I must end this on a sour note, though. After all, I am known as the urban curmudgeon. So here’s something from the back of my idea closet:
Some years ago, as I was writing at home, my concentration was shattered by a loud, angry voice exploding outside the window: “Lucy! What did I say? What did I just say?!” This was followed by silence, and if the woman was waiting for Lucy to answer her, she is waiting there still. Because Lucy was a dog.
What sort of person questions a canine? The sort that has trouble with species recognition. If not for objections from the authorities, Lucy would probably be enrolled in school, taking clarinet lessons, wearing braces on her teeth and playing on a soccer team. Odds are, she owns a pink backpack, sleeps in a dog-sized four-poster bed and wears pajamas with fairies on them. People like Lucy’s owner shouldn’t be allowed to own dogs. Though it may keep them from interacting too much with the rest of us, it’s really not fair to the dog.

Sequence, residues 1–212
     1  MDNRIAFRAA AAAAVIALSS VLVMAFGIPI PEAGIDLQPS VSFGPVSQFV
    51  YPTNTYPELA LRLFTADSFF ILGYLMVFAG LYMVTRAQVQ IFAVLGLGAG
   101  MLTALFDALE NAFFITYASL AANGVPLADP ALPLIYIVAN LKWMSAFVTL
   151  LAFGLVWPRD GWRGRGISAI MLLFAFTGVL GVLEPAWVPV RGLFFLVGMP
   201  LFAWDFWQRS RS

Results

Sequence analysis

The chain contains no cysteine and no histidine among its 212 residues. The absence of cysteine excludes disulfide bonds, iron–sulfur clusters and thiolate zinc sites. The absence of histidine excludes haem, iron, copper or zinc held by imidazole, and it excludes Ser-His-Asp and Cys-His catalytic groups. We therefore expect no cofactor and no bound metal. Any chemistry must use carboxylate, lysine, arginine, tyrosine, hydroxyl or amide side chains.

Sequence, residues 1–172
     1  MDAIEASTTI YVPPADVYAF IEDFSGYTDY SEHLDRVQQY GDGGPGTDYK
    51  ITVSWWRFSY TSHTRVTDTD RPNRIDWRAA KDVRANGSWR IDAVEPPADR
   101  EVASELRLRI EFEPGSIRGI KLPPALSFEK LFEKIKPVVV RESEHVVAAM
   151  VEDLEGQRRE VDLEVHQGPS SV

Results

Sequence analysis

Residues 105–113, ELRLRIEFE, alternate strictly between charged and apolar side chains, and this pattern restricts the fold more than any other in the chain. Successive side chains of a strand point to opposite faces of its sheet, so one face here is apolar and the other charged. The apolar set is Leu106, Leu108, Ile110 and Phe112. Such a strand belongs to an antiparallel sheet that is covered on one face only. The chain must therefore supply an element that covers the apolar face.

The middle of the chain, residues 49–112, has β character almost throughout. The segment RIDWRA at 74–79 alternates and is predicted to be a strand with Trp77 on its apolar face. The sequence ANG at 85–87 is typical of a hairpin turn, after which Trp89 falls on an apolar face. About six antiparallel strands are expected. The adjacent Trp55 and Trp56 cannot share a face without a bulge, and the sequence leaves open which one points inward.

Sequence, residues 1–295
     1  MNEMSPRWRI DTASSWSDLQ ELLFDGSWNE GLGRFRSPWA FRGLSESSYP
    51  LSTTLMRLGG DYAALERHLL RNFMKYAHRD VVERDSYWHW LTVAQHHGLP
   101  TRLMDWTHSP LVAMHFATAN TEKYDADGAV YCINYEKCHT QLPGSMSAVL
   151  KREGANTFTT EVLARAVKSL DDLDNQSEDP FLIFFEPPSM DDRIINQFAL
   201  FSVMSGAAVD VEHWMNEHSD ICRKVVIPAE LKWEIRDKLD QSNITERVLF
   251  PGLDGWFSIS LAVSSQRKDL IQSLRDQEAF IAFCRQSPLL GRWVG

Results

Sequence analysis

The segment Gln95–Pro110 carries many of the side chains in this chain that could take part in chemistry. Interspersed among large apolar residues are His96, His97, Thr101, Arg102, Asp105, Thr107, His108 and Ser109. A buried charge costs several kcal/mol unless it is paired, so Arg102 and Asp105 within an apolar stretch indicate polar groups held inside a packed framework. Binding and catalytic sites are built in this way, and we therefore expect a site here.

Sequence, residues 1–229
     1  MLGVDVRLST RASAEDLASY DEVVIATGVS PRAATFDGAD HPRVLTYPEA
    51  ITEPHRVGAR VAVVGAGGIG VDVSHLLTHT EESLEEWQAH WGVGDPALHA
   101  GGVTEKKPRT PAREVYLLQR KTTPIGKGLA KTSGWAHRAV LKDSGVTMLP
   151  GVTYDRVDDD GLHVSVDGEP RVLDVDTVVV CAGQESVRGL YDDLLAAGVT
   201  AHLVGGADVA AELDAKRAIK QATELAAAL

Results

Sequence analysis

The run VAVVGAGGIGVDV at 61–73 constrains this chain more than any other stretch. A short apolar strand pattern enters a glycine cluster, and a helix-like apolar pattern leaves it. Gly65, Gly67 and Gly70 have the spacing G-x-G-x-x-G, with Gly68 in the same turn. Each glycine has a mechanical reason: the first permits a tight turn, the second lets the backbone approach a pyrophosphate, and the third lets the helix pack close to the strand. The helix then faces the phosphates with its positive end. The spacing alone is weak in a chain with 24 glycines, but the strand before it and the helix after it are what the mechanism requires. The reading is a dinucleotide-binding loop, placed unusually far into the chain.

And then there is the person with two small, angry beasts, who walks them, every day, past my window at the same time another dog owner walks his dog. The little guys go ballistic, every time, snarling and yapping at ear-splitting decibels, while their owner stands there, going “Shhh!” Most dogs, including these, will not respond to shhh, and yet this person does this, every. single. time. After a lengthy bout of sustained yapping and shushing, she starts shouting “Stop it!” This has no effect, either. Many dogs will, in fact, respond to a direct command, but it doesn’t just magically happen. They have to be trained to do this. That’s what obedience classes are for.